Moylan J continued:

"I have already addressed this submission when dealing with the Court of Appeal's determination of the mother's appeal in May 2013. The Court of Appeal referred to the conclusions reached by the District Judge as "unassailable". There is no new evidence, in respect of his specific conclusion as to the cause of CB's developmental delay, which might undermine this conclusion."

38. I have deliberately dealt with Moylan J's judgment in some detail and set out many of the key passages in it verbatim. My reasons for doing so are three-fold: first, because it is important for anyone who reads this judgment to be able to see exactly what Moylan J decided and why; secondly, because it demonstrates the great care and sensitivity with which Moylan J (like District Judge McPhee and His Honour Judge Cryan before him) approached this difficult and concerning case; and, thirdly, because, at the end of the day, for the reasons I now explain, I have concluded that Moylan J was correct in his decision on each point and essentially for the reasons he gave.

The appeal

39. Moylan J refused the mother's application for permission to appeal. She renewed her application to the Court of Appeal. It came before me on the papers on 23 February 2015. I granted permission to appeal. In the circumstances I should set out my order in some detail:

"On consideration of the appellant's notice and accompanying documents, but without an oral hearing, in respect of an application for permission to appeal by the mother from the order of Mr Justice Moylan dated 19 December 2014

AND UPON READING the transcript of the judgment of Mr Justice Moylan dated 19 December 2014, the appellant's grounds of appeal, the Report dated January 2015 of the Committee on Social Affairs, Health and Sustainable Development of the Parliamentary Assembly of the Council of Europe (Rapporteur: Ms Olga Borzova) 'Social services in Europe: legislation and practice of the removal of children from their families in Council of Europe member States', and the letter dated 16 February 2015 from the Saeima of the Republic of Latvia to the Speaker of the House of Commons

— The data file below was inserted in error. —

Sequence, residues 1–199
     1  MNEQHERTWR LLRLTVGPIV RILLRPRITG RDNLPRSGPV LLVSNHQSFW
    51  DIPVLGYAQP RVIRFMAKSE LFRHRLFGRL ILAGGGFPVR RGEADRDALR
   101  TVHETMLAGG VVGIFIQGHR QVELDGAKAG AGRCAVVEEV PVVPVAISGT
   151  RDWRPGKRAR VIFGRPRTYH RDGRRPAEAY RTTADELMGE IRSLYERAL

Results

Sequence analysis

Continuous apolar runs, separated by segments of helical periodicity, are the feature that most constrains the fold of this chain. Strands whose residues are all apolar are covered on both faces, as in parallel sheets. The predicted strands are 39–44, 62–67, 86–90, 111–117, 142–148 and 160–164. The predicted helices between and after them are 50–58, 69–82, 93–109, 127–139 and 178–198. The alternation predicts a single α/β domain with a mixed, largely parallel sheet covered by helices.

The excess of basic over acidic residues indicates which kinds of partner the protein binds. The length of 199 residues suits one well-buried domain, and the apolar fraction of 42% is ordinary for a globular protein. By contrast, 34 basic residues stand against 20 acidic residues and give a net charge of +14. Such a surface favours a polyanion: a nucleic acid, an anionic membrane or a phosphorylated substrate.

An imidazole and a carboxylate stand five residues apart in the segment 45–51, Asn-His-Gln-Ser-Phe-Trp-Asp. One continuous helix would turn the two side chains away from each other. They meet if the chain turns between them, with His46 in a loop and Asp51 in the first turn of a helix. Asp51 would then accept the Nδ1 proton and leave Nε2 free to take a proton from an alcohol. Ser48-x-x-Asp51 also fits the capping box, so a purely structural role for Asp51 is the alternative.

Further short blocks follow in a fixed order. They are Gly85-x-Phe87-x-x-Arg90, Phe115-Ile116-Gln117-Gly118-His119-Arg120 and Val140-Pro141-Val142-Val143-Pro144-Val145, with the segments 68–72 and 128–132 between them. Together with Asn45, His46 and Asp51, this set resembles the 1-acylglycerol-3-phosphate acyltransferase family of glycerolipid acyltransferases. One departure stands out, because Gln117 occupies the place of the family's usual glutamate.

Decision
Permission to appeal pursuant to CPR 52.3(6)(b)

Reasons
1 The nature of the issues.

2 The matters raised in the grounds of appeal.

3 The involvement of the Republic of Latvia."

The letter which is there referred to is set out in an Annex to this judgment.

40. I should explain that CPR 52.3(6) sets out the grounds on which permission to appeal can be granted:

"Permission to appeal may be given only where –

(a)  the court considers that the appeal would have a real prospect of success; or

(b)  there is some other compelling reason why the appeal should be heard."

It will be noted that I gave permission in accordance with paragraph (b), not paragraph (a).

41. I gave various directions. In particular I directed that:

"The Diplomatic and Consular Representatives of the Republic of Latvia and the Central Authority of the Republic of Latvia (all of whom were present at the hearing before Mr Justice Moylan) are permitted to appear and make representations at the hearing of the appeal if they wish provided that if they (or any of them) propose to do so they should:

a. Notify the court and the parties of that fact by 12 noon on Friday 6 March 2015 and

b. File a skeleton argument by 12 noon on Wednesday 11 March 2015."

42. On 26 February 2015, Mr Skudra, on behalf of the Latvian Central Authority, filed an application seeking leave to intervene. On 19 March 2015 I made an order that the Central Authority of the Republic of Latvia be joined as an intervener.